Most Recent Questions Search Q & A TrainingProgramsBodybuildingRehabilitationStrongmanPowerliftingSquat - DeadliftBench PressNovice PowerliftingPowerlifting GearSports TrainingFootballOlympic SportsNutritionWeight GainFat LossPerformanceSupplementsCommentsIron BrothersBusiness DiscussionSick of your Gym!Products and ReviewsQuotes
8/23/2014 10:31:12 PM - Matt

I am a track and field coach for a D3 school, and a training power lifter. Am I forcing the issue by having my power athletes use different bars? For example safety squat bar or cambered bar. I know that with these younger athletes any squat is going to make them stronger. Also I only let them use the other bars if there are able to properly squat with the straight bar.




Thank you for the questions and it is a good one. This is the dilemma we as coaches often face, Especially being from a powerlifting background where we see so much benefit to rotating exercises.

I see both sides of this. I had a conversation with Jim Wendler and I asked him about using multiple bars. His thoughts were the same as a lot of coaches who work with beginners. Why add a specialty bar when they can't squat properly with a regular bar? This is the point you were getting at. I think at the same time different bars add a different stimulus and address weakpoints the athletes may have. Just because of my background and how I started in strength & conditioning, I like to use different bars even with beginners.

I feel you can get more benefit by reinforcing the same stance and coaching cues with different bars. It's a way to change the stimulus without changing technique.

What I am not a big fan of is using multiple stances, multiple bar placements, multiple tempos, etc. Change the bar, add bands or chains, but keep the technique basically the same.

So, if you are going to incorporate specialty bars into your program, think about these points.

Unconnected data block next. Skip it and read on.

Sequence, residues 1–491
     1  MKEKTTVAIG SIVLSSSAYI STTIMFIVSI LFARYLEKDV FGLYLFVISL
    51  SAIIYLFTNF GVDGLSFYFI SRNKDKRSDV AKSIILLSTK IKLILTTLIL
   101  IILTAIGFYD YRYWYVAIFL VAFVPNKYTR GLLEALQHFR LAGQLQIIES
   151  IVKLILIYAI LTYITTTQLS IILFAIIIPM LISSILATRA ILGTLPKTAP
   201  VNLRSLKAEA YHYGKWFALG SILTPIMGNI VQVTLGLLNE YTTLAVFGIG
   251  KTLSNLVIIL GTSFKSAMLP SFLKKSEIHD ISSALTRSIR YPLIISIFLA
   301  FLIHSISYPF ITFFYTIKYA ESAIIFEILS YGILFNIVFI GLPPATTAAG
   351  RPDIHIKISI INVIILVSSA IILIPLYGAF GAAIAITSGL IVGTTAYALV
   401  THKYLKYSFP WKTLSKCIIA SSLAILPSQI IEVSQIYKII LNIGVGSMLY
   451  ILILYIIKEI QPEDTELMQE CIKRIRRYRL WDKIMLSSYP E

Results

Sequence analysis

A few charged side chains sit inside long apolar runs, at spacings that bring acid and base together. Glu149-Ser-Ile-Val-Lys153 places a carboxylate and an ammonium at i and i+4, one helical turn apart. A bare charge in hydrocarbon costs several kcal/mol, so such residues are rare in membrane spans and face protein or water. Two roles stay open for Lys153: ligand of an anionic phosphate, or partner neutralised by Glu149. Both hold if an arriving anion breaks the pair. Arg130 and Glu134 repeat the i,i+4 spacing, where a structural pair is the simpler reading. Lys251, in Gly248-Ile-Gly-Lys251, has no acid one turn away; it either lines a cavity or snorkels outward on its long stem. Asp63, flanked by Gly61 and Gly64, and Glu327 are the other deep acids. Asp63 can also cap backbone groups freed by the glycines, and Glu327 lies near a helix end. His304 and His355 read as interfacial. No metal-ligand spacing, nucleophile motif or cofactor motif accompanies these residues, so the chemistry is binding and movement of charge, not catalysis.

1. Does using the specialty bar develop specific strength for track & field more than a straight bar? Does it correlate to number on the track and in the circle more?

2. Does using the specialty bars enhance the performance of the main movements in your program. In other words, if you are using the Barbell "back" Squat at your testing movement or you fee it has the best carryover for throwers, sprinters, jumpers, etc.; does using a specialty bar help the squat numbers.

3. Can you logistically implement specialty bars in your program? Do you have enough to have your team use them. Having one or two may not help. Even if you have a few (I know a place you can get more), then you could have them on a rotation.

Wk 1:
Throwers - SS Yoke Bar
Sprinters - Rackable Cambered bar
Jumpers and Vaulters - Straight bar

Rotate during week 2 and 3.

Basically, my opinion is that I don't think that using a straight bar is any more specific than using a specialty bar. In addition, I believe that using specialty bars in your program will increase the main movement.

Lastly, nothing teaches an athletes to stay tight in the upper back like a SS Yoke bar. Nothing helps a lifter stay tight better than a cambered bar. You get what I'm saying. You are training athletes, not powerlifters. Plus track and field is one of the easiest sports to determine if what you are doing int he weight room is correlating to success on the track or in the circle.

Matt, I hope this gave you some different insight or reinforced what you are already believed.

Please give Coach Kelton my best (we were together at Clarion) if you see him.

Go Ephs,
Mark Watts

Email This Question To A Friend

Now it's easier than ever to share, Click Here to email this Question to a friend.

Link To This Question

We are not
1998-2013 EliteFTS, INC. 138 Maple Street, London, Ohio 43140. All Rights Reserved